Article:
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I’m sitting here listening to Ella Fitzgerald sing Rodgers and Hart ballads. Last night I binge-listened to interpretations of Noël Coward’s If Love Were All. Various artists from Rufus Wainwright to Barbara Cook have taken their turn at this hauntingly beautiful song. My favorite version? Judy Garland.

It used to be that for an American male to have a fondness for the American popular song would raise doubts about that man’s sexual orientation. Nowadays, who listens to Rodgers and Hart, Noël Coward (OK he’s English), Cole Porter? If you know who Billy Strayhorn was you’re an oddity. If you know that he was gay, you’re doubly peculiar.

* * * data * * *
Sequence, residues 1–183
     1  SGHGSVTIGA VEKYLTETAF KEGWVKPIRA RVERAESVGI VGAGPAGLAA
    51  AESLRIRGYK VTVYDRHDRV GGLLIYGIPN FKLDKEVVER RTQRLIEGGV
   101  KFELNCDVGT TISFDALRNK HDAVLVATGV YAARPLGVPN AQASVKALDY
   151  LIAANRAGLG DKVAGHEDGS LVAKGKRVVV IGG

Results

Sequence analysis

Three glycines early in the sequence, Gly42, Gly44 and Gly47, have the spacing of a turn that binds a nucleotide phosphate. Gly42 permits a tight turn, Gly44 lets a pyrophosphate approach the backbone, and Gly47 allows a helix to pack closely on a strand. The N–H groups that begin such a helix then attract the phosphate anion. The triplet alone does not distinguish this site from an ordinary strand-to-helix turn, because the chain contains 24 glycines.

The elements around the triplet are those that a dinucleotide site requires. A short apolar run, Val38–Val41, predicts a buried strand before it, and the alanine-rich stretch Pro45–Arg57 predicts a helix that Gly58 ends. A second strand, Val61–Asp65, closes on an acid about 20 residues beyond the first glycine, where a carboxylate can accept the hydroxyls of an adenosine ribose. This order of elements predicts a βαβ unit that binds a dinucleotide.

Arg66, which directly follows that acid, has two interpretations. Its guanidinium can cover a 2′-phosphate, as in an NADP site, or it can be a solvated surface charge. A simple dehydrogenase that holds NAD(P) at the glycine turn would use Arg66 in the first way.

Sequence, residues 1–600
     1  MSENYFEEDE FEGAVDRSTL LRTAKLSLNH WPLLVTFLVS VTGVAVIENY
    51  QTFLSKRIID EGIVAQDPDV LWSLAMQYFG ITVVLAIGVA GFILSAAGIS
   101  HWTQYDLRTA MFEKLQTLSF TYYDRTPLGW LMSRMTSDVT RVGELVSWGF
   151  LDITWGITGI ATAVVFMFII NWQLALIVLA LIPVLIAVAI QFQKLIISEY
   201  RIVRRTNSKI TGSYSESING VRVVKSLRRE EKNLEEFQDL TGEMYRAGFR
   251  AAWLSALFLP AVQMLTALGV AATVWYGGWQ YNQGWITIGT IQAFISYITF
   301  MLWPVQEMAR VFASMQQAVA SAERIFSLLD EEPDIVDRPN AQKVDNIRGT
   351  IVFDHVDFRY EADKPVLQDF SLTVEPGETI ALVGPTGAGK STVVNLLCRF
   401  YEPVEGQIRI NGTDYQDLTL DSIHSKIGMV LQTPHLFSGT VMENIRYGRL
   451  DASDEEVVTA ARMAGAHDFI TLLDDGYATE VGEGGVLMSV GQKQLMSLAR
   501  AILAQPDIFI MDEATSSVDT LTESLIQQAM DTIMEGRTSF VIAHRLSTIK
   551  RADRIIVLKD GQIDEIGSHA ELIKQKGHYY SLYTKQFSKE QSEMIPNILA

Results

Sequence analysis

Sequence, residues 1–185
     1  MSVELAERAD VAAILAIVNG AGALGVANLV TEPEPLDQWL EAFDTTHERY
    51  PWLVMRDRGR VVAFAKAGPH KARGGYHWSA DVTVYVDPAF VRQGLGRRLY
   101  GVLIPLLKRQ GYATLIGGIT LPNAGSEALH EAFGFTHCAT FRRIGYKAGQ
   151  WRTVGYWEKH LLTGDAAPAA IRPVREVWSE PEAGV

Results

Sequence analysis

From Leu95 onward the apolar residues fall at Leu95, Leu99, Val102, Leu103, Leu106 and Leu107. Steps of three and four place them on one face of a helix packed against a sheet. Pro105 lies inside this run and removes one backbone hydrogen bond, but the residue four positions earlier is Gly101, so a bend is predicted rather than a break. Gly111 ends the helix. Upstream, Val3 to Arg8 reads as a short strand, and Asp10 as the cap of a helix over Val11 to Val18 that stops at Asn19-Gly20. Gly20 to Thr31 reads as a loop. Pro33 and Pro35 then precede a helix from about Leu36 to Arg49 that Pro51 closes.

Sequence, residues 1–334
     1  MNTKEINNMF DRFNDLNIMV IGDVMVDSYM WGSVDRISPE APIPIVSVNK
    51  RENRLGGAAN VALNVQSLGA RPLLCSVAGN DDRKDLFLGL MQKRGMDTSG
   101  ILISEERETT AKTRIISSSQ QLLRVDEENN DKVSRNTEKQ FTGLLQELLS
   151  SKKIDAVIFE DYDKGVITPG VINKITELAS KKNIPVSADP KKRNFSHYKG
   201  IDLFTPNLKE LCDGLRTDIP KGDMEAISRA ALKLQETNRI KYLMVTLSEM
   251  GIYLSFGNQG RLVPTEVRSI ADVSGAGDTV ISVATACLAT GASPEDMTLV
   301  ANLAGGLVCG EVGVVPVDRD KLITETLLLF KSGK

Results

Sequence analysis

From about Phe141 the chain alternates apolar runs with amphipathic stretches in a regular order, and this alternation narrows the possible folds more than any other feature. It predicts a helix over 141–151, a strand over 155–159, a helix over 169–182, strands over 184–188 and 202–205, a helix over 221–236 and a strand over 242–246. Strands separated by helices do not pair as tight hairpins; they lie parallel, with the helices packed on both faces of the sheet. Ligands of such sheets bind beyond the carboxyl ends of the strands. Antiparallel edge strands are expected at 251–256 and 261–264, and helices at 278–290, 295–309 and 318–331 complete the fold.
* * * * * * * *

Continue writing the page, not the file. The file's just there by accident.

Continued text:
The stereotype of so-called gay tastes goes beyond music, to interior design, architecture, cooking, fashion. My friend John A is writing a book about Fred Astaire’s early years in Manhattan. He’s writing a book about a male dancer. John is heterosexual, but then so was Astaire.

I’m going out on a limb and suggest that gays are today as devoid of good taste as the average het guy. If gay males stereotypically follow fashion trends and GQ Magazine is any sort of reflection of gay tastes, they have no taste as of 2017. GQ. has really crappy-looking clothes displayed in bad editorial photography. No great significance to this shift is implied nor should any be inferred. It’s really about the general decline of good taste in this country.

There is just so much good stuff that is largely ignored. It’s the secular version of the trend toward bad liturgical music in current Episcopal/Anglican and Roman Catholic Worship. Sadly we now settle for, if not aspire to the banal, not the exceptional or the sublime.

How did we get here? Can we go back?